Chef Passard is unusual not just for his decision to go nearly meat-free: Despite being a big name, he continues to do a lot of the day-to-day cooking himself, overseeing the small kitchen in person. And he's also a very friendly, down-to-earth guy; he not only comes around to chat with folks, he actually sits down with one woman whose friend is in the bathroom. It probably doesn't hurt that she's a pretty young lady, but I suspect he'd sit and chat with just about any friendly face.



The chef has just one picture up in his restaurant, of his grandmother, a cook and also his inspiration. She would have been proud. It's such a classy restaurant, they serve their silverware upside down. I so wish I could make a meal turn out this wonderfully just by setting my forks tine-side down.

 

There are too many dessert courses to count. Can I remember what flavor this pot de crème is? No. Just that it is insanely rich. Sure, it may only be three spoonfuls, but the chef seems to have somehow condensed a pint of cream in each bite.


The pineapple Napoleon: I almost finish it.
 

We are, by now, roughly 18 courses and three or four desserts in, yet they still bring out a special anniversary dessert for us -- a croquembouche made of mini apple tartes shaped like roses. Of course.

 

By the time we leave, after a few chocolates, homemade tomato confit candies, and petit fours, we are practically rolling out the door. Arpège sends us out with souvenir knives, but I can't say that I need a memento to help me remember the meal. It is most definitely one of the greatest meals of my life -- and so rich, it might just see me through to my 16th anniversary.


THE CHEESE: Révélation

Révélation is a raw sheep's milk cheese with cracked poivre de timut (timut pepper) in the layers of the cheese, which hails from Ossau Valley (home to the famous Ossau Iraty sheep cheese). Poivre de timut is a gourmet Nepalese peppercorn -- not your usual French cheese fare. In fact, the only other time I've seen it used is with Escarecelle, and that's no coincidence: Both Escarcelle and Révélation are made specifically for Laurent Dubois and his cheese shops, and M. Dubois "designed" both of these cheeses. Another version of Révélation, called Tartuffe, is layered with truffles, resulting in a very different aroma and taste.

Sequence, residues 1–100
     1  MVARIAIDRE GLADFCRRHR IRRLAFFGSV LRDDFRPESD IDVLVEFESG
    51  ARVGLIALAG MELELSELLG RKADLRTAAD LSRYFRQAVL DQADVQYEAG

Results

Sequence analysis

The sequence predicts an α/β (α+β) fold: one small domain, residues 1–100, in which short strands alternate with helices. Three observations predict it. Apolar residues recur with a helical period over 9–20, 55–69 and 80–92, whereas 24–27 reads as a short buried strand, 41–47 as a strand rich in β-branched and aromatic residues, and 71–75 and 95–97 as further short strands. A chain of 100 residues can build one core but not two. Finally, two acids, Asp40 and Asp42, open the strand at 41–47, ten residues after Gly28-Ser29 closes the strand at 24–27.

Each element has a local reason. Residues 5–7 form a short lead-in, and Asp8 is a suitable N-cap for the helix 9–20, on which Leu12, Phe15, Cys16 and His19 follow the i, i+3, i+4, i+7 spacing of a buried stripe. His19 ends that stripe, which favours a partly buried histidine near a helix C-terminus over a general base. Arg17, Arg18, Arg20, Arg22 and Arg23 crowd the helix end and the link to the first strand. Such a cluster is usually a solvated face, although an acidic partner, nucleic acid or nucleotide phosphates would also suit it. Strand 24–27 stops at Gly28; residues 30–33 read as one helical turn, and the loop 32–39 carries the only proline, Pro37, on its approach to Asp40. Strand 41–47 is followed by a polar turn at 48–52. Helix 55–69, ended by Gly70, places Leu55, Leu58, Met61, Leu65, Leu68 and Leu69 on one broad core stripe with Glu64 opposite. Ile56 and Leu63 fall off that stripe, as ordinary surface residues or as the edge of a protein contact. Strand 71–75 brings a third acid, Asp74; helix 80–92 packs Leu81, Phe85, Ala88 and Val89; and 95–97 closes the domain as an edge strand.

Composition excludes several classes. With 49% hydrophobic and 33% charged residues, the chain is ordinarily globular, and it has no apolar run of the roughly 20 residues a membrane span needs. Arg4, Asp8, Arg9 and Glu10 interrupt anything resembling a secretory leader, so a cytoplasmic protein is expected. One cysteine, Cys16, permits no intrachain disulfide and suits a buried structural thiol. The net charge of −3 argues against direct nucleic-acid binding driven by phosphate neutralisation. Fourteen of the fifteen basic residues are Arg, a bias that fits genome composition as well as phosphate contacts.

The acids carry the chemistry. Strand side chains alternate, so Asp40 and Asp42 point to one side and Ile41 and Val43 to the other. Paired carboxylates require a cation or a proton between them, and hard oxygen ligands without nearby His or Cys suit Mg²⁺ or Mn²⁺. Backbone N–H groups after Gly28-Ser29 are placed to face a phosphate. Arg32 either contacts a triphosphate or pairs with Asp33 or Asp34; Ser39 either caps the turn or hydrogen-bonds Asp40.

For a hard cheese, Révélation is surprisingly creamy, other than the chewy pepper bits. The rind is rough and dry, but I really enjoy the taste and texture of it. It's got a sort of pasty, peppery feel to it and is like some sort of cheese-pepper-candy nugget in my mouth.


The cheese just sheers into pieces when cut and served. That's OK, because you can pick it off layer by layer.


Révélation is the kind of cheese that needs to be stored separately. It really has a knock-you-over waft of stink it emits, partly from the cheese and largely from the pepper. Let's just put it this way: I'm amazed I don't sneeze around it. And the taste follows suit: creamy, herby, with a truly unusual stink and tang. The pepper kick doesn't make it all that spicy, but it gives it a really different sweet muskiness that I haven't tasted in any other cheese.

THE CONNECTION:

Frankly, I choose this cheese because I feel that the tomato confit (and so much of the rest of both menus) is, indeed, a revelation. I just would never have known any individual bite -- of anything -- could ever taste so delicious. Révélation is rather a foofy gourmet cheese, too: limited production, exclusive sales, unusual imported ingredient, unusual flavor pairing.

But, you're wondering, did I have the cheese plate at Arpège? No. It is not on the tasting menu, and, frankly, it's not something I'd order at this point at a restaurant, since I have so much exceptional cheese at home and -- let's face it -- their cheese is not any better than the top-notch cheese I buy myself. But I am super curious: What's on the cheese platter here? They wheel it over so we can talk cheese and, yes, I can name half of them just by sight, and make an educated guess at the other half of more generic-looking ones.


Starting with the pyramid and going clockwise: Pouligny St. Pierre, Comté, LivarotSainte Maure de Touraine, Losange, Cathare, and St. Nectaire.